Highly Pathogenic Avian Influenza / bird flu

General birdwatching discussion, help with bird identification, and all other things relating to wild birds and birding in NZ that don't fit in one of the other forums.
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Neil Fitzgerald
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Highly Pathogenic Avian Influenza / bird flu

Postby Neil Fitzgerald » Sun Jul 31, 2022 3:28 pm

Highly Pathogenic Avian Influenza (HPAI, H5N1, bird flu) is taking a toll on Northern Hemisphere birds.
https://www.eaaflyway.net/alert-ai-in-seabirds/
https://www.theguardian.com/environment/2022/jun/02/geese-skuas-cranes-foxes-avian-flu-takes-growing-toll-on-wildlife-aoe
https://www.bbc.com/news/uk-england-tyne-62253049

We should be alert to the potential for this to to spread to NZ, especially when we start to get migrants arriving.
Brett Gartrell at Massey has the following advice.


In the event your shoreline surveys identify an unusual number of mortalities, then you should ring the exotic disease hotline for advice

EXOTIC PEST AND DISEASE HOTLINE – 0800 80 99 66

The difficulty comes in knowing when the number of dead birds is unusual as we always get mortality in any wildlife population, but your groups have extensive baseline data and will probably be best placed to recognise a spike in mortality.

MPI work collaboratively with DOC in wildlife investigations and Wildbase and commercial veterinary pathology labs may be asked to be involved depending on where the mortality occurs.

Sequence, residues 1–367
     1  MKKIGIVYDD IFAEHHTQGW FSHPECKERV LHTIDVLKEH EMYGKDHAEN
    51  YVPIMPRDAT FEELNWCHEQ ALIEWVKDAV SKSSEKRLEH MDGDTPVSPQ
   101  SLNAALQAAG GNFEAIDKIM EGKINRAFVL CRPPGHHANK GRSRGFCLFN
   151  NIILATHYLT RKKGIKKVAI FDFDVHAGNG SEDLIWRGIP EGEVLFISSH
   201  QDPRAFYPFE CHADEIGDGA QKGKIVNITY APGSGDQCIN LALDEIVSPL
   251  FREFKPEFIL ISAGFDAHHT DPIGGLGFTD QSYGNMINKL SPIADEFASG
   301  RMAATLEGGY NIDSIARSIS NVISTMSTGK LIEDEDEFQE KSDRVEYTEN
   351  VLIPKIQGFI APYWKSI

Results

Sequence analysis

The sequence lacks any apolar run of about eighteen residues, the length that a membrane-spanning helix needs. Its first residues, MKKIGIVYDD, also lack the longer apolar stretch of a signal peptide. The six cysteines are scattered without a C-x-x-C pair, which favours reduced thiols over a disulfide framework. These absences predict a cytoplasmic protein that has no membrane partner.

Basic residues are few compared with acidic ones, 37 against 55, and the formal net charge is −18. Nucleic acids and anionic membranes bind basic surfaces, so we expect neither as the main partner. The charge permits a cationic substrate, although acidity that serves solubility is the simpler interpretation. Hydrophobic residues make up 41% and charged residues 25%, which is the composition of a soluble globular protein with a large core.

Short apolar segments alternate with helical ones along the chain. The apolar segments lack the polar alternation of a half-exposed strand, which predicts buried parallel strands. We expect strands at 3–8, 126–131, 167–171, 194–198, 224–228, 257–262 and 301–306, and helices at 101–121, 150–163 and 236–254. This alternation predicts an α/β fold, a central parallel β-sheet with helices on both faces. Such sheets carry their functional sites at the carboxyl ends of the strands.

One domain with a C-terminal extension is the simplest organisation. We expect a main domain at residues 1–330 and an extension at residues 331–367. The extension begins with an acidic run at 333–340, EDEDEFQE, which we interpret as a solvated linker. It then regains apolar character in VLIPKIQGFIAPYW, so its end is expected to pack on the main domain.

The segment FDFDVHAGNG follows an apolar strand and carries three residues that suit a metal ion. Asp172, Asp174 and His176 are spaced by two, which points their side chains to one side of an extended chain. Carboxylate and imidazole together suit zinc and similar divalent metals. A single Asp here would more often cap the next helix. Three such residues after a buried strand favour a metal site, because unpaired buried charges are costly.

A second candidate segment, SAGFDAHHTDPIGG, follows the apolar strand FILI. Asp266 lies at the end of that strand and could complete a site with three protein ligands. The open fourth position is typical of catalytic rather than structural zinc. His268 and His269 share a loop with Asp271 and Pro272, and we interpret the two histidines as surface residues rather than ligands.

Some general guidelines for collecting wildlife carcasses might be useful here

  1. Make sure your people are wearing good PPE. Disposable gloves and face masks recommended
  2. Place any bodies singly into sealed plastic bags with two labels (one in another small ziplock bag inside the body bag, and one attached to the outside). The outside one often gets lost hence the need for redundancy here. The label should have the species (if known), date of collection, site of collection, name of collector as a minimum.
  3. If bodies are being sent to the lab immediately, then refrigerate prior to transport and send with icepacks to keep cool. Ensure the lab knows its coming. If the bodies are to be held for more than a day or two before sending to the lab, freeze them. Note this on the label.

While the idea that a sick bird would not make the migration journey holds some comfort, its worth remembering that HPAI has a 14 day incubation period. That is the time between a bird getting infected and starting to show disease is 2 weeks. Most of our migratory species could easily complete their migration in this period, so geography only provides a certain amount of protection.
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Michael Szabo
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Avian influenza reported in eastern Canada

Postby Michael Szabo » Mon Aug 08, 2022 6:27 pm

Reuters reports that the carcasses of thousands of migrant seabirds have washed up on the shores of eastern Canada this week and preliminary findings showed that the birds died of avian influenza.